1. What are the socio-demographic characteristics of the female participants in this ERS?
2. What are the psychosocial characteristics of the female participants (i.e. attitudes, sense of self-efficacy and social support)?
3. What elements of the intervention make participating in the ERS appealing to the female participants?
Description of the intervention
The ERS in The Hague is the initiative of the organization STIOM, a foundation that is supportive to health care and social services in the deprived neighbourhoods of The Hague at the request of and in collaboration with GPs and social workers. The participants of the ERS are between the ages of 24 and 55, and the GP or other health professionals believe the health of these patients would benefit from exercise. When the participants contacts the ERS, an appointment is made with a 'sport advisor'. This sport advisor carries out an intake and discusses the different activities, and together they choose which activity suits the client best. This advisor refers the participant to one of the exercise groups: swimming, gymnastics, cardio-fitness or dancing. Participants are expected to pay 11 euro's for a 10-week period of weekly exercise sessions. After 10 sessions, the participants go back to the advisor, where they have the opportunity to purchase a second card for 10 lessons. After the 20 lessons, they return to the advisor to discuss the patient's progress, and receive a certificate. From then on, the participants are expected to have become competent enough to engage in exercise activities on their own.
We used a mixed method research design. We used a questionnaire to obtain insight into the socio-demographic and psychosocial characteristics of the participants. In-depth interviews were conducted among a selection of ERS participants to gain a deeper understanding of the elements of the intervention perceived to be important for participation in such an ERS. The study was designed with reference to the research code for qualitative research of the Academic Medical Centre, University of Amsterdam. In line with Dutch legislation, the study was approved by the Netherlands Organization for Health Research and Development and judged to need no further review by a medical ethics committee as participants were recruited on a volunteer basis and were not required to undergo physical examination.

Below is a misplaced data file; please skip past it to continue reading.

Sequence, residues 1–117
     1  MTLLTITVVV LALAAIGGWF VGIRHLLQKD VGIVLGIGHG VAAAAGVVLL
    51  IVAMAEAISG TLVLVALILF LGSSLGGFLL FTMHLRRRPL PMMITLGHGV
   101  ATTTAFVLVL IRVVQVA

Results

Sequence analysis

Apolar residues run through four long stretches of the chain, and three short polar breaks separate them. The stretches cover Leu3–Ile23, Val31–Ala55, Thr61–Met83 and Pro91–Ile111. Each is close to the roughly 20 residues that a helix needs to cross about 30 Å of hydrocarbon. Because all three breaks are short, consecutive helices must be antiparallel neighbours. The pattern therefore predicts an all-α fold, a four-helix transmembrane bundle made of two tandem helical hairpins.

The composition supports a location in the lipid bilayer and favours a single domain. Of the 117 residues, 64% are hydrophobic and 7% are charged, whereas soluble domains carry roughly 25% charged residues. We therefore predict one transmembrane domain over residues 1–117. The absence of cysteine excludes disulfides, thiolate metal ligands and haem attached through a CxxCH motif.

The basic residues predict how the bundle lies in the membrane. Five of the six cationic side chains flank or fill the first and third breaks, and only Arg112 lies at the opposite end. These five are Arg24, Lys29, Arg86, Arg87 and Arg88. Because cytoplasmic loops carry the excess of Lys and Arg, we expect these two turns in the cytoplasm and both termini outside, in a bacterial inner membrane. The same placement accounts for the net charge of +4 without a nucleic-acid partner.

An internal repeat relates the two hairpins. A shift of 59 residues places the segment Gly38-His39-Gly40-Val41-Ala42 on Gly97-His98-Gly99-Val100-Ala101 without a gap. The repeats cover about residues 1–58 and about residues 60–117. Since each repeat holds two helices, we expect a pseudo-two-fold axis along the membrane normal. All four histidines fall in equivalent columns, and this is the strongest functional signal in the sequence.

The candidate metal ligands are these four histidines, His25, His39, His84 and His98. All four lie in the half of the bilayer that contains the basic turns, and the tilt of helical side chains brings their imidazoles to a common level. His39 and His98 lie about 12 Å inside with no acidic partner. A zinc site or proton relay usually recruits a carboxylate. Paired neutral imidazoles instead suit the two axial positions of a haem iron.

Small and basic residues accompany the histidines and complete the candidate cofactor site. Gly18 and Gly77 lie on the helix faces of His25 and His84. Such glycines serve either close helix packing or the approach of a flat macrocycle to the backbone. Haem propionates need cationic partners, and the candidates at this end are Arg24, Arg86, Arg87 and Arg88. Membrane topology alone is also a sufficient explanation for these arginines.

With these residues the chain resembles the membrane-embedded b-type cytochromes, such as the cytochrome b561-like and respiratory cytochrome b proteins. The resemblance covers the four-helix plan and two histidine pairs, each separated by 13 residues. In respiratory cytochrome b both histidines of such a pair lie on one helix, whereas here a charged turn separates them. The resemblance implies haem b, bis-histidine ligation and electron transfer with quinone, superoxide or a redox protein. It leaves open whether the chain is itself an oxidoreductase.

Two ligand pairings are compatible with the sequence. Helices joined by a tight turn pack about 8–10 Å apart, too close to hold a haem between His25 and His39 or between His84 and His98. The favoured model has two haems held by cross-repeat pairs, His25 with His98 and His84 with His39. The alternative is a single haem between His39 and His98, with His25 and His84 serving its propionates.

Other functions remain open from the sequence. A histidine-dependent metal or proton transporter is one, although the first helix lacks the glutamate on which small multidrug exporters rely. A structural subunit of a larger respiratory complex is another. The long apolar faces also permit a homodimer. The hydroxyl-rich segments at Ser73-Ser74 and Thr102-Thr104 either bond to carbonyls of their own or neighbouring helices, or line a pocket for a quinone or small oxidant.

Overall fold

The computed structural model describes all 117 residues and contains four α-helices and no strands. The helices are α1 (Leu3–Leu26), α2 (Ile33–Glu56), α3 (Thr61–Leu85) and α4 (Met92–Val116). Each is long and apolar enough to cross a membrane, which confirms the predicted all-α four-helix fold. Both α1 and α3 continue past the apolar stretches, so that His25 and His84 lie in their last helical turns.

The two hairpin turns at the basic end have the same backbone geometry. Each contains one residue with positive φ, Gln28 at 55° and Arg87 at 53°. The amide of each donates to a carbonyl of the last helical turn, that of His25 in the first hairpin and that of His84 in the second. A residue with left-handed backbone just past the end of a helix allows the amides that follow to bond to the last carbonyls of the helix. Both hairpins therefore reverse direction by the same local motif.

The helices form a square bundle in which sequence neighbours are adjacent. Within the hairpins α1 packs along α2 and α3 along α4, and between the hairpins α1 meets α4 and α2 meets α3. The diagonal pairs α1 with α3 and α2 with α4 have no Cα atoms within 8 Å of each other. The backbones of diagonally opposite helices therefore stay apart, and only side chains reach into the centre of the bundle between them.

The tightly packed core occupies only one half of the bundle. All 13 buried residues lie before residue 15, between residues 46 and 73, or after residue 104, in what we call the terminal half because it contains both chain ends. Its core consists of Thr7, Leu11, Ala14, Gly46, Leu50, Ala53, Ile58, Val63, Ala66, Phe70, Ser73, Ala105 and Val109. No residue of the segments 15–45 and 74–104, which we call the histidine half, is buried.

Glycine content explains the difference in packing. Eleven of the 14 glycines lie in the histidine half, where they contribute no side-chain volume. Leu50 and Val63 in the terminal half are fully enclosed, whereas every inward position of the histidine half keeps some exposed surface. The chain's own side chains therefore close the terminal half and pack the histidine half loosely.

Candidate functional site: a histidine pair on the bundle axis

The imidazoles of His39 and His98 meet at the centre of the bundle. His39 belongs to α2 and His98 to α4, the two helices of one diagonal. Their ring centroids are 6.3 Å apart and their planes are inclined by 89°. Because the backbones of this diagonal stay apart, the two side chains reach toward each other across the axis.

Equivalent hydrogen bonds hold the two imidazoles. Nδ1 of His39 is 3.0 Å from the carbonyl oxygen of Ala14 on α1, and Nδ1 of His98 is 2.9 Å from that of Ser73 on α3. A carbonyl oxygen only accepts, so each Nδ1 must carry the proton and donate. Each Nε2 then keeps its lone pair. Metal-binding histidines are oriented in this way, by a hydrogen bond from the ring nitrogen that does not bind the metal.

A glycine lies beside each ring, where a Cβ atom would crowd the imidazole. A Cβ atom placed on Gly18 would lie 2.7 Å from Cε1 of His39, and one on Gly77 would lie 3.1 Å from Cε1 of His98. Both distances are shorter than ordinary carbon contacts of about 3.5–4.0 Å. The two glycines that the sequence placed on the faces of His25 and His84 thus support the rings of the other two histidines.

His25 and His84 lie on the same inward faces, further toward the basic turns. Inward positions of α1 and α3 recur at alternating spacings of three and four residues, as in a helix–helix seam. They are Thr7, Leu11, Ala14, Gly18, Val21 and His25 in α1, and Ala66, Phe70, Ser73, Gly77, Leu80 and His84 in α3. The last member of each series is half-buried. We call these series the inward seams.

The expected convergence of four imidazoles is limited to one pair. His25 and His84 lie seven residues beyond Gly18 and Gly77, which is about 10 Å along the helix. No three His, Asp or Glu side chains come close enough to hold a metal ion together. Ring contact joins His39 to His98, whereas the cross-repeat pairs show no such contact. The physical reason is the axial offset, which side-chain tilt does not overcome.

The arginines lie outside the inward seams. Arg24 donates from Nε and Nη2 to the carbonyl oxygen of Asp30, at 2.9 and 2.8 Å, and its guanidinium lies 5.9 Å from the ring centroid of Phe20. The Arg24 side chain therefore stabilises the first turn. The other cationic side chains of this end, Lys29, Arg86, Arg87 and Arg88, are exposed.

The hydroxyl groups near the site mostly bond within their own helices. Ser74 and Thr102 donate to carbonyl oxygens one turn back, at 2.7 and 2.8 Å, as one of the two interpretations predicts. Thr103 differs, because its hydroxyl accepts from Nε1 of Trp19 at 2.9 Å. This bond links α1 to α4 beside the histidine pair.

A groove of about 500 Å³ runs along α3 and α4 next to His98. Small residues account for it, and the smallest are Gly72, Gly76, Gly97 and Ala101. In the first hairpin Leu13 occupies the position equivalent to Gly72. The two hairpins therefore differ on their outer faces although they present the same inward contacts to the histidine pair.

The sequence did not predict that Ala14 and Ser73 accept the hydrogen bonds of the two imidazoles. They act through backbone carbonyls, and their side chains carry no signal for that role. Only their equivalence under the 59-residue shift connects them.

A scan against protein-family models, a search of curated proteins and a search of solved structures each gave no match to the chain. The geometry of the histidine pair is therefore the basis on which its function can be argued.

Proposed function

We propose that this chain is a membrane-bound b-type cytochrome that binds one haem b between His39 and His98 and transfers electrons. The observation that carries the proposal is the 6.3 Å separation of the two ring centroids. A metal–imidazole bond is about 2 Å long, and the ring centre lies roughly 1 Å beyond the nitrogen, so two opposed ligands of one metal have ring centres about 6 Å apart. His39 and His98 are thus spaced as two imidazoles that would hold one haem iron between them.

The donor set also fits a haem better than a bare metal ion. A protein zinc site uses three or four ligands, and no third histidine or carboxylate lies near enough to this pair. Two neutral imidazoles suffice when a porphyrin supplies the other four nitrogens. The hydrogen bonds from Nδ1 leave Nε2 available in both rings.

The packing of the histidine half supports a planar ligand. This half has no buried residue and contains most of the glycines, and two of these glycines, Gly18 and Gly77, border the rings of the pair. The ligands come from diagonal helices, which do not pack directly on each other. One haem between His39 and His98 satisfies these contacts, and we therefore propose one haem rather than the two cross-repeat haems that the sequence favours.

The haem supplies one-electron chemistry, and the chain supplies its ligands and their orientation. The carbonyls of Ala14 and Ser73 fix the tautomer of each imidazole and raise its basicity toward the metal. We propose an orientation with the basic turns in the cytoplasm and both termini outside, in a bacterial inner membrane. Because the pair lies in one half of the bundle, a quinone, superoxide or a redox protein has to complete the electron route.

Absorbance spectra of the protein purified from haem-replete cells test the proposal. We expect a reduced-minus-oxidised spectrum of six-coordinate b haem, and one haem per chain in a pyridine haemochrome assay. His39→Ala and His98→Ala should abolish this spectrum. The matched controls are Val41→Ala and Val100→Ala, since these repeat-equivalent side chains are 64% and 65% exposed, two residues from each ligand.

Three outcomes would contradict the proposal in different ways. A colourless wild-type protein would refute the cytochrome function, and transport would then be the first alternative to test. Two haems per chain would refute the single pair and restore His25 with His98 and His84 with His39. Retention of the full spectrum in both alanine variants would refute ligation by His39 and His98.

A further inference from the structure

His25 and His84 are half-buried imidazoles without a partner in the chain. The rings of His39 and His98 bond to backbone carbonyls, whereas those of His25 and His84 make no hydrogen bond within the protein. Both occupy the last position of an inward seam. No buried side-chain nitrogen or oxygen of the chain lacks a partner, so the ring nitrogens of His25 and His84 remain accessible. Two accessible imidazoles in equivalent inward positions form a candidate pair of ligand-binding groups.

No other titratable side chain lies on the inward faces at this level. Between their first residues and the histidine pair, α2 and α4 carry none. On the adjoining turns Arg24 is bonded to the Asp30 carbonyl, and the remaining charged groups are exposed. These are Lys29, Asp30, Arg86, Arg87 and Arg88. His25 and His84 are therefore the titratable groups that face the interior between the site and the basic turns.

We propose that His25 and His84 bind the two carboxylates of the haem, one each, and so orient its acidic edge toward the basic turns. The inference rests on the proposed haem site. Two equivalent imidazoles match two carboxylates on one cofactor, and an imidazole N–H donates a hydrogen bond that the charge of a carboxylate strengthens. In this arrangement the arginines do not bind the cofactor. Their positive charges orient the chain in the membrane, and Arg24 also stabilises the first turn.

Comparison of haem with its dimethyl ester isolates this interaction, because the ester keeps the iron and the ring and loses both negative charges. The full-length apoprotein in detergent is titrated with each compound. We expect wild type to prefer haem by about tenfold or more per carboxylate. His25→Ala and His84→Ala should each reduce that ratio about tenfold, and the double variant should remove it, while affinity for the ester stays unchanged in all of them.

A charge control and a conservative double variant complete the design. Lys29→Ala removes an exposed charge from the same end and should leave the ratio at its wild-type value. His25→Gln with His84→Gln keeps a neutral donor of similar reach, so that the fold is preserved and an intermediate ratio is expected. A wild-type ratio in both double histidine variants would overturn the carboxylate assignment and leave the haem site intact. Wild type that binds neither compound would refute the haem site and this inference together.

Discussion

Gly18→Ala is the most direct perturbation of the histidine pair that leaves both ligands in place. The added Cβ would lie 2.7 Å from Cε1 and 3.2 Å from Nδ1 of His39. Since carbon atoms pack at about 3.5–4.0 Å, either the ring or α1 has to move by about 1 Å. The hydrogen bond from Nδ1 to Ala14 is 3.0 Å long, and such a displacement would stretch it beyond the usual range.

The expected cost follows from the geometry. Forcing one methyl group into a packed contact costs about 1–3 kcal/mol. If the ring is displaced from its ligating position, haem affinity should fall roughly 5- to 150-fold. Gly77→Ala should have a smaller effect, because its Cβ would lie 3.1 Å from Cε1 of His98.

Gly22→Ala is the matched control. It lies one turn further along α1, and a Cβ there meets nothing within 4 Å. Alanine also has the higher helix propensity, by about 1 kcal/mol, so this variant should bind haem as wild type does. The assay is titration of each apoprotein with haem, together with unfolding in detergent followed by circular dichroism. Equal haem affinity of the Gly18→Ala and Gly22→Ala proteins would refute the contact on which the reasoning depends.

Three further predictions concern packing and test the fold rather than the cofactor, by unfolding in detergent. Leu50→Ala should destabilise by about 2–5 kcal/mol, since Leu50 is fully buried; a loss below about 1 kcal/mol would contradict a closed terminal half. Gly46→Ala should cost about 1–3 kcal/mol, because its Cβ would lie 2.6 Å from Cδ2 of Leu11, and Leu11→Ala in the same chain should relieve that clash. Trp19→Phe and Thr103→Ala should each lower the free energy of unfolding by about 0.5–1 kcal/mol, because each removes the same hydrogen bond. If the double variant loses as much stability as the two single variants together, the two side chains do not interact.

Questionnaire and registration
This questionnaire was an integral part of the intake and included all female individuals who joined the ERS in The Hague between May 2005 and April 2006 (n = 523). The four largest ethnic groups were made up of Dutch, Turkish, Moroccan and Surinamese participants. Ethnicity was defined as being born in the Netherlands, Turkey, Morocco and Surinam respectively.
Questionnaire and data collection
At the time of intake (which took place after the referral), a 'fitness advisor' filled out the questionnaire, which consisted of four types of variables: (1) demographic features (overview in table 1), (2) goals of the participants and (3) physical activity in leisure time. Section 3 contained questions that originated from the Short QUestionnaire to ASsess Health-enhancing physical activity (SQUASH) . The fourth section consisted of 14 statements regarding psychosocial factors (overview in Table 2). These statements originated from a previous study that contained 100 statements . Based on discussions with fitness advisors, 14 statements were selected as the most salient ones. Attitude towards physical exercise was measured using eight items about perceived consequences of exercising. Social support was measured by three items. Self-efficacy expectations were measured by three items about the difficulties participants expected when finding themselves in challenging situations (e.g. bad weather). A 3-point Likert scale was used. Finally, height and weight were measured. Participants were assured their answers would be confidential and that the analyses were anonymous.
The questionnaires were analysed using SPSS 11.5 software for Windows  and descriptive statistics were generated. Differences between the mean scores between ethnic groups in the three psychosocial factors of attitude, social support and self-efficacy were tested with Tukey HSD and Games Howell .
Semi-structured qualitative interviews
To address the third research question regarding the elements that make the ERS appealing, a selection of the 523 participants were invited for in-depth interviews. We used purposive sampling to obtain a cross-section of the population and insight into a potentially broad range of characteristics and personal perspectives. People were invited to participate based on their gender, ethnic background, the type of exercise, their age and the number of lessons followed. With these criteria in mind, participants were approached by researchers visiting the ERS lessons. Participants were recruited for the interviews until new themes stopped emerging from the data. We ended up with 38 interviews. Participants were asked to take part on a voluntary basis and were assured their information would be analysed anonymously. Characteristics of the respondents are shown in Appendix 1 (see additional file 1).